T4America Blog

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Posts Tagged "complete streets"

Governor Cuomo signs Complete Streets legislation as New York Times surveys pedestrian safety in Orlando

NY Governor Andrew Cuomo’s decision to sign complete streets legislation is a step forward for pedestrian safety, though a Times report out of Orlando yesterday illustrates how much further we have to go. The status-quo for most people on foot or on bike around the country is woefully unsafe and insufficient, though perhaps nowhere more so than in Florida.

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New York Complete Streets clears legislature, awaits Governor Cuomo’s signature

Complete streets legislation passed both the New York State Senate and Assembly unanimously this week and awaits Governor Andrew Cuomo’s signature. Once the legislation becomes law as expected, New York State will follow in the footsteps of hundreds of other states and municipalities that have already started prioritizing the needs of all users on their […]

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Seniors and transit report generates widespread coverage and discussion

Last week, we released Aging in Place, Stuck without Options, documenting the more than 15.5 million Americans 65 years and older who, by 2015,  will live in places with poor or non-existent public transportation. The report ranked metro areas according to the percentage of seniors projected to face poor transit access, and asked: How do […]

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Coastal Alabama advocates make Complete Streets in Mobile a reality

With the echo of the latest pedestrian fatality figures still ringing, a city in the deep South became the latest, albeit unlikely, place to adopt a Complete Streets policy. To paraphrase the song: if it can happen there, it can happen anywhere. When people think of “infrastructure,” images of roadways and grids tend to come […]

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Complete Streets bill introduced in House, policies gaining in popularity across the country

Yesterday’s release of the bipartisan Safe and Complete Streets Act of 2011 is an affirmative step toward ensuring the safety and convenience of America’s streets for everyone. H.R. 1780, sponsored by Representatives Matsui of California and LaTourette of Ohio, would require state transportation officials to consider the needs of pedestrians, bicyclists, transit riders and people with disabilities, as well as motorists.

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Once a critic, now a supporter, Ohio Rep. helps make complete streets bill bipartisan

Rep. Steve LaTourette (R-OH) probably learned the hard way earlier this year that safe, accessible streets for bikers, walkers and all users don’t tend to have any party affiliation, and he is to be commended for proving his support for complete streets by signing onto the House complete streets bill last week, becoming its first Republican cosponsor.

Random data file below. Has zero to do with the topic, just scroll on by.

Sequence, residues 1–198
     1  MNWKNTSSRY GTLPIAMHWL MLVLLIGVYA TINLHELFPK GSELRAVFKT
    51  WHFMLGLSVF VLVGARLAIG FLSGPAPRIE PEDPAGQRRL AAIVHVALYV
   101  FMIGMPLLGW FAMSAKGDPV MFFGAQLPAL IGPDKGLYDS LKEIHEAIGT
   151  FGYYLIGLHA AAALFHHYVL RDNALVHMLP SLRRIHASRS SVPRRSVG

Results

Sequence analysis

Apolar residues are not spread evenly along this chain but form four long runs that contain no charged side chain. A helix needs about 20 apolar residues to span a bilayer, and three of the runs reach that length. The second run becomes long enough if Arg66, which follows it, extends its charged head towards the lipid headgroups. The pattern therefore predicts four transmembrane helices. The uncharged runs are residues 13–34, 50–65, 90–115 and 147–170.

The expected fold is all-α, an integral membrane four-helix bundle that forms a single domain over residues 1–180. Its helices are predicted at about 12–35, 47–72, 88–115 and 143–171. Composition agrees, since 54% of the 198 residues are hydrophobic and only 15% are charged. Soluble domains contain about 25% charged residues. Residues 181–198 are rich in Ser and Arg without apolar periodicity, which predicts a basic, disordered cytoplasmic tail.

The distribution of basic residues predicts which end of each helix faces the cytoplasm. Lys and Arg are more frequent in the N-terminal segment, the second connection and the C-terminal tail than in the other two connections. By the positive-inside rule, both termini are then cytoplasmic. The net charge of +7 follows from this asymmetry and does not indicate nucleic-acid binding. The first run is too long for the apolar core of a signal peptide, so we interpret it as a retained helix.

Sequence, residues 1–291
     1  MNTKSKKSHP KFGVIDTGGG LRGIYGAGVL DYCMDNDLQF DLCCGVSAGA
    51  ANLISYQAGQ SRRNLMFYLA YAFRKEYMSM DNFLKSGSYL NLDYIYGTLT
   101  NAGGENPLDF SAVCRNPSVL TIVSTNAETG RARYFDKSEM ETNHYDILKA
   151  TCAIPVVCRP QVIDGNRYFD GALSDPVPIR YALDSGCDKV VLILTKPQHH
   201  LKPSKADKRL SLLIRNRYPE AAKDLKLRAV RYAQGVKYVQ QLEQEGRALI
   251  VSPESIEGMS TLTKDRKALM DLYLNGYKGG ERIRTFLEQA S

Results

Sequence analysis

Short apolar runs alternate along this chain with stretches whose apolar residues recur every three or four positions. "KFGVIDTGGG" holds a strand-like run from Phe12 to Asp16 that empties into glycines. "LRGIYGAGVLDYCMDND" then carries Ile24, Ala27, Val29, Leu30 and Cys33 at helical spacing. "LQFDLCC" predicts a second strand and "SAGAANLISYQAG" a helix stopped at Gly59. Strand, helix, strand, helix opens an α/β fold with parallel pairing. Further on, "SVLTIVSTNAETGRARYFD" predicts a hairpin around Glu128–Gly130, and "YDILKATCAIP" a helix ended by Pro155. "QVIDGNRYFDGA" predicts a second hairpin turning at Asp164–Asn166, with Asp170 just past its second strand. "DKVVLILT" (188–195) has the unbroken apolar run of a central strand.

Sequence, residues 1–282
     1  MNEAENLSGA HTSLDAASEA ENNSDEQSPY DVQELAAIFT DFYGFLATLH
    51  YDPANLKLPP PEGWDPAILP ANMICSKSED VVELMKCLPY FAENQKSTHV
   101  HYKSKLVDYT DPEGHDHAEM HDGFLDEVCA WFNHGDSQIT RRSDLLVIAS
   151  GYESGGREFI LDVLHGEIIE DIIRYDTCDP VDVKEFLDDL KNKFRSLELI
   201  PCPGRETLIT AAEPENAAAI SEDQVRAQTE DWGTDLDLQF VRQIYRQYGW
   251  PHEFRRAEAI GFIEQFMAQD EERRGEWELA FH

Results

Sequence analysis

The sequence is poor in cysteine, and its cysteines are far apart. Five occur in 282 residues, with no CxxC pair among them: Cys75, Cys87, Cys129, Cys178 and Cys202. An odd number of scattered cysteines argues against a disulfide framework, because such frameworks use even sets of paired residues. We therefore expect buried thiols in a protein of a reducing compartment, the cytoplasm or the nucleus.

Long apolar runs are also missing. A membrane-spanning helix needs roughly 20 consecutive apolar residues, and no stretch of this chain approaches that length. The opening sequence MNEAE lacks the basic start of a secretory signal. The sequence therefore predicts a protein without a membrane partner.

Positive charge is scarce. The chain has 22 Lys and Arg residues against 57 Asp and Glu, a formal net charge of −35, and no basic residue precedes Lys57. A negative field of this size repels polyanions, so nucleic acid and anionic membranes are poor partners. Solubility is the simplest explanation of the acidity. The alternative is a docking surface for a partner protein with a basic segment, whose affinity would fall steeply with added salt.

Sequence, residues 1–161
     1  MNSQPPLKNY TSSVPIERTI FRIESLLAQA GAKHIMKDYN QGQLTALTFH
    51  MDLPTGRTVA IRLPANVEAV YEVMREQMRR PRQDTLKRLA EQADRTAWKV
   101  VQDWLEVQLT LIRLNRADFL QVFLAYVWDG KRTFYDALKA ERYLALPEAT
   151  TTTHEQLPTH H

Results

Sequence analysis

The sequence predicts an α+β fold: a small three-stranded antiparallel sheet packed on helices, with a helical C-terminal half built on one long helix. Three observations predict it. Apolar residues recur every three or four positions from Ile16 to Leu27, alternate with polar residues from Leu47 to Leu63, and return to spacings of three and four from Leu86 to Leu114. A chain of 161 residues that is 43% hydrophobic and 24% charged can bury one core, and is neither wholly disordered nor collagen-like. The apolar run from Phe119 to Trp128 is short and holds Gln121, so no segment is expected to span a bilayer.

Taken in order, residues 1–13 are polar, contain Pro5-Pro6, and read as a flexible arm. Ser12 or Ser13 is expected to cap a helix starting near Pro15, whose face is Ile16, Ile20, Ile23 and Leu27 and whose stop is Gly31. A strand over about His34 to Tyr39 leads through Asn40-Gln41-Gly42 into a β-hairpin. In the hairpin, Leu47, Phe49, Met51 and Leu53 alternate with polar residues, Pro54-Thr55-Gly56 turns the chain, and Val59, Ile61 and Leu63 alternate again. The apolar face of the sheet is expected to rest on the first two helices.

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20 years after the ADA, continuing the fight to improve access for all

A couple of years ago, we profiled Dr. Scott Crawford, a wheelchair user and resident of Jackson, Mississippi who has long fought for accessible buses with wheelchair lifts, curb ramps and better sidewalks. As Dr. Crawford’s story reminds us, there is still a lot of work to do, but he’s had a powerful legal tool in his fight to make streets and transit services equitable and accessible for all users: The Americans with Disabilities Act, which turned 20 years old just this week.

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Blueprint America on complete streets in Atlanta

Do yourself a favor and check out this short video from PBS’ Blueprint America series that aired in just the last few days. The overall package is about “disappearmarks” — earmarks totaling millions in the last federal transportation bill that have never been allocated or spent, according to the Sunlight Foundation. But this from Atlanta focuses much more specifically on how unsafe, incomplete streets and outdated transportation planning has resulted in a major road in Atlanta (and countless others) where pedestrians take their lives into their own hands each and every day, just to get to work, school, or the closest bus stop.

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Active transportation, more walking and biking can help us confront obesity

Obesity is on the rise in 28 states and one of the biggest public health challenges facing America, but boosting walking and biking could help turn the tide. That is the conclusion of “F as in Fat: How Obesity Threatens America’s Future 2010.”

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Ohio Congressman recants, decides LaHood’s complete streets policy is not so “radical” after all

In an Associated Press story on April 15, Ohio Congressman Steve LaTourette was quoted decrying the apparently “radical” idea that the safety and comfort of people on foot or bicycle deserve as much consideration as those in cars. To his credit, LaTourette has fully recanted the statement and apologized for any misunderstanding, a result due in part to significant pushback from the bicycling community in his 14th Congressional District and throughout the country

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